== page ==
‘Bareilly Ki Barfi’ Review: Great Performances Sweeten the Deal
Producer: Abishek Ranjan
Cameraperson: Athar Rather
Video Editor: Rahul Sanpui
Most Bollywood films like to show two distinct avatars of India. There is the Zoya Akhtar/Karan Johar universe that is riddled with first-world problems, like not having enough time to shop at the duty-free stores at airports. Here, all that glitters is gold.
Then there is the one that isn’t photoshopped for comfort. This is a world of unvarnished walls and narrow serpentine galis, of places that are marinated in desi flavours and dialects. Viewers tend to accept both versions – but only when done well. After all, films aren’t just about the locations they are set in – they are about the people in those settings.
Ashwini Iyer Tiwari, who also directed the delightful Nil Battey Sannata, manages to keep this a simple and honest tale. Only, this one is a little more commercially viable and smart.
Kriti Sanon, seen here in her first outing without any make-up, brightens up Bareilly as Bitti Mishra, the only child of her school teacher mother (Seema Pahwah) and sweetshop owner father (Pankaj Tripathi). She drinks, smokes and stays out late. From these, the viewers are supposed to infer that she must be an emancipated woman. This is a rather conveniently-drawn conclusion but the charm of the film convinces us to overlook this flaw. Suitors come and go, but Bitti keeps getting rejected for not being gharelu enough.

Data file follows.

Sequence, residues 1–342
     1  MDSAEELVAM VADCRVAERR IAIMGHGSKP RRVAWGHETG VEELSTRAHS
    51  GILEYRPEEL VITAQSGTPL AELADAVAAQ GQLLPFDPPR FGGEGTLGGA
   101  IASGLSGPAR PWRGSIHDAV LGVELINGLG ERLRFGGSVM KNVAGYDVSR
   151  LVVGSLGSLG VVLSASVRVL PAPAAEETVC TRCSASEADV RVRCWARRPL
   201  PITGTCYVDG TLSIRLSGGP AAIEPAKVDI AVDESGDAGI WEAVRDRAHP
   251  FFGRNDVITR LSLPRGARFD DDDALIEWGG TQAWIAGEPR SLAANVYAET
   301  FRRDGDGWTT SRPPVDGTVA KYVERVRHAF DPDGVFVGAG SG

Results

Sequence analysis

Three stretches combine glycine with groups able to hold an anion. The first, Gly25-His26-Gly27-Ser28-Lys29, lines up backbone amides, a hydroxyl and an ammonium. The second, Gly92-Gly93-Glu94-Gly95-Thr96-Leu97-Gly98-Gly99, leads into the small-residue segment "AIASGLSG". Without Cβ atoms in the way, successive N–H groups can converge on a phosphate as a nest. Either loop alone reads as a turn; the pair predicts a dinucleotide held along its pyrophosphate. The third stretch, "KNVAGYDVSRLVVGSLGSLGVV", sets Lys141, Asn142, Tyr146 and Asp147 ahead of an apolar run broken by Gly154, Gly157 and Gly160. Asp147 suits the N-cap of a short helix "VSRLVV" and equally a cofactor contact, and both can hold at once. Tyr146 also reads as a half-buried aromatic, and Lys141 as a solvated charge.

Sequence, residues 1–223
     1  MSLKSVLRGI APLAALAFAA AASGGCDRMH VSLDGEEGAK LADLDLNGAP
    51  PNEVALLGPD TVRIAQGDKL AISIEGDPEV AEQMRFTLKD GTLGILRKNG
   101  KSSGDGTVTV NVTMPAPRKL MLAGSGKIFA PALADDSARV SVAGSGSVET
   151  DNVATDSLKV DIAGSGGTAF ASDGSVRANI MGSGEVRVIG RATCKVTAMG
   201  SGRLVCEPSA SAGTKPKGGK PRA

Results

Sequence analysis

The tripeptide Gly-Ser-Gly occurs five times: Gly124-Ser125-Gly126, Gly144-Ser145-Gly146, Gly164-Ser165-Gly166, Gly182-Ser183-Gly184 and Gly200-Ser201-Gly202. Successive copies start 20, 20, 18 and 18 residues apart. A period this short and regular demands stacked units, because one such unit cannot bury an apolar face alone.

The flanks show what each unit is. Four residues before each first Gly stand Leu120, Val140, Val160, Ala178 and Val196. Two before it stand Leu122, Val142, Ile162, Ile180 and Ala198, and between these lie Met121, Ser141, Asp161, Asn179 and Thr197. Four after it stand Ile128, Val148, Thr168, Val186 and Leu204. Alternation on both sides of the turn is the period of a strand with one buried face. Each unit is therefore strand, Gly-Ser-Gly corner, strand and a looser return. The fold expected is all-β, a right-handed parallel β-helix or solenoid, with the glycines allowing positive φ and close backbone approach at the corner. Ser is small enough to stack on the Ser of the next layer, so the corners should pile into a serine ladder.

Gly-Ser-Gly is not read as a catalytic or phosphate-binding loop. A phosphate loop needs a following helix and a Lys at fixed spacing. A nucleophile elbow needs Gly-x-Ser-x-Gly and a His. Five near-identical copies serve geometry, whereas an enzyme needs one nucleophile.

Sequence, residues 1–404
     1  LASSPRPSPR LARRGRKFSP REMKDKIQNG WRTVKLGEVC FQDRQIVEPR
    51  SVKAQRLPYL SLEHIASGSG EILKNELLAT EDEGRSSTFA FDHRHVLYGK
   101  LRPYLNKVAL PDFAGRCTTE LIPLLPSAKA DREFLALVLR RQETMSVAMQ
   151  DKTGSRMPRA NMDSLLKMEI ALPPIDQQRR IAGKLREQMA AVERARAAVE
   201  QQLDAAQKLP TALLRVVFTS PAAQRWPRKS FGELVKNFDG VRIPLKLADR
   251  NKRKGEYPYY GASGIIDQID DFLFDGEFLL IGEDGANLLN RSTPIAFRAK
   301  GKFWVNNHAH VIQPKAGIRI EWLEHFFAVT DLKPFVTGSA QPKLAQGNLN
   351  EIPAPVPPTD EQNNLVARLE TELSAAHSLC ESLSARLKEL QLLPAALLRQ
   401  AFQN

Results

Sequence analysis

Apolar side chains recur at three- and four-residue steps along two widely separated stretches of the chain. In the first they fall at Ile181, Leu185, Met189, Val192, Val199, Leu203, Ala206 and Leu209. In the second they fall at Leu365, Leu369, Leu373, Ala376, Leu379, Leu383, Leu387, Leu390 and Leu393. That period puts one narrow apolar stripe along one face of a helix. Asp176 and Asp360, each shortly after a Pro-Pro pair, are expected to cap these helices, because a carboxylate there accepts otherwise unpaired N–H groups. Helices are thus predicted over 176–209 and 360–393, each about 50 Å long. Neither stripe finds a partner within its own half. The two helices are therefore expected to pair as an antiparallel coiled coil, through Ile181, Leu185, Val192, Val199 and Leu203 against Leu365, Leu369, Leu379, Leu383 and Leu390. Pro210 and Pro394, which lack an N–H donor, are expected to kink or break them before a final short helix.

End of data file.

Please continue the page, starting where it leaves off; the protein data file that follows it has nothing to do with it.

Bitti’s life changes with her search for the author of a book, titled Bareilly Ki Barfi, the protagonist of which is her kindred spirit. The search for the author ends in Ayushmann Khurana.
The turning point in the film comes with the entry of Rajkummar Rao.
Be it Pankaj Tripathi and Seema Pahwah as Bitti’s hysterical parents, or Ayushman Khurrana and Rajkumar Rao as the Bareilly-bred lover boys hatching plans for their future, it is the actors who lift this script. This is also Kriti Sanon’s best performance till date.
With a runtime of just two hours, Bareilly Ki Barfi does seem a little too long for comfort. But thanks to the way Rajkummar Rao sweetens this Barfi by alternating between his shy, but well-meaning smalltown boy act with the acquired swag of a mohalle ka gunda, we are only too happy to swing along.
I give it 3.5 Quints out of 5.
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